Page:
Disabled young black people’s views of independence and independent living

Funded by the Joseph Rowntree Foundation,1997-1998

Contact Tracey Bignall

What were the aims of the project?

This research project set out to:

  • investigate young black disabled peoples’ experiences of independent living
  • explore young black disabled peoples’ views on the concept of independent living
  • gather information on what support or services are currently provided by the black communities for this group of people
  • develop effective strategies to support young black people to live independently

How were these aims fulfilled?

The Foundation conducted interviews with 45 black and minority ethnic disabled people between the ages of 16 and 25, in three contrasting areas in England.  Each area was selected because of the diversity of its black and minority ethnic communities.  The children and young people were contacted through a variety of methods, including through voluntary and community organisations, social services as well as education departments.  All the children and young people were asked directly if they wanted participate.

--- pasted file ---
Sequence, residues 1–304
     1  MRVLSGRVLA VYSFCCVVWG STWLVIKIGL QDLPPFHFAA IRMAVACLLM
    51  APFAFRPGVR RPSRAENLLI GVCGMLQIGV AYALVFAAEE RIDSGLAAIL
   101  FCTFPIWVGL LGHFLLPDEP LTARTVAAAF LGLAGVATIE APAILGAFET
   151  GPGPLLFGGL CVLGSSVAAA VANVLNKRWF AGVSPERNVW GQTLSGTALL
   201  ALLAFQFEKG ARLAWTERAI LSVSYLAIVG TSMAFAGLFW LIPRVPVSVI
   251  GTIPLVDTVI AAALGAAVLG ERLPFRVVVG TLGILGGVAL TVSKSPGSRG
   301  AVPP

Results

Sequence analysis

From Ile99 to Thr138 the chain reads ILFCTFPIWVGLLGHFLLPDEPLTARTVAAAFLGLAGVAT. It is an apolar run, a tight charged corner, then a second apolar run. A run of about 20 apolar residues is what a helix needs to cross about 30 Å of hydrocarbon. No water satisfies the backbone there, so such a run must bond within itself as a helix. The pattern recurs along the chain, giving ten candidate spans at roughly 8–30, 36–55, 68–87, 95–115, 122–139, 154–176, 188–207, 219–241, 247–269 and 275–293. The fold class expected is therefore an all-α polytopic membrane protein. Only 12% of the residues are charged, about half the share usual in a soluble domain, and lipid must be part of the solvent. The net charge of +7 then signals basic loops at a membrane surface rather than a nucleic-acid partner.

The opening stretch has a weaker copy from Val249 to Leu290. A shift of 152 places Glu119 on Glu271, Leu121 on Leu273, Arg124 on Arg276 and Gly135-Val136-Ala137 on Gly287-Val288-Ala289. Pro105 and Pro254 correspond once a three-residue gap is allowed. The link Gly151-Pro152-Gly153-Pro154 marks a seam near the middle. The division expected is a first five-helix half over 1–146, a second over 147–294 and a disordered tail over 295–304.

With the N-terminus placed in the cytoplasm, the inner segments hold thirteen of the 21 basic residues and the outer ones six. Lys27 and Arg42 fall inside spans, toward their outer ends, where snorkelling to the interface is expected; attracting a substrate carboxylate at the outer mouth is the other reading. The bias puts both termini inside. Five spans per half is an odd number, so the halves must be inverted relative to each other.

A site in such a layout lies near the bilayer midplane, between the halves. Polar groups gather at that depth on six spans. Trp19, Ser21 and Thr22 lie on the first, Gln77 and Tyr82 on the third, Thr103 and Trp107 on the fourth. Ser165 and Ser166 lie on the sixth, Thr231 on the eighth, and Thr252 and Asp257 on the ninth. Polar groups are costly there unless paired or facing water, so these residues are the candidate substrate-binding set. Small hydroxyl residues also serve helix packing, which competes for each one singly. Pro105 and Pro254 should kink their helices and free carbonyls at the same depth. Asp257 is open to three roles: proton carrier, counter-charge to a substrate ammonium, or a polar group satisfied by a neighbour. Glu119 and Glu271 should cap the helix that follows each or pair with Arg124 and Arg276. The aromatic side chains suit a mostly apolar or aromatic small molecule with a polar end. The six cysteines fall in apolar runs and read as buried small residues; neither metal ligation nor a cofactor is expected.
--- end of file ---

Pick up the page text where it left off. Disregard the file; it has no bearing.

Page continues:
What we found

Themes derived from the interviews include :

  • the young black disabled people defined independence as having choice and control in their lives
  • family and cultural expectations sometimes determined how choices were expressed
  • the majority had negative experiences of primary and secondary education and how it prepared them for adult life
  • whilst there was an association between independent living and living on your own, the young people felt ‘how’ you lived your life and making decisions was as important, as where you lived
  • the majority of these young black disabled people had specific goals they wanted to achieve and were actively working towards these ambitions.

What we produced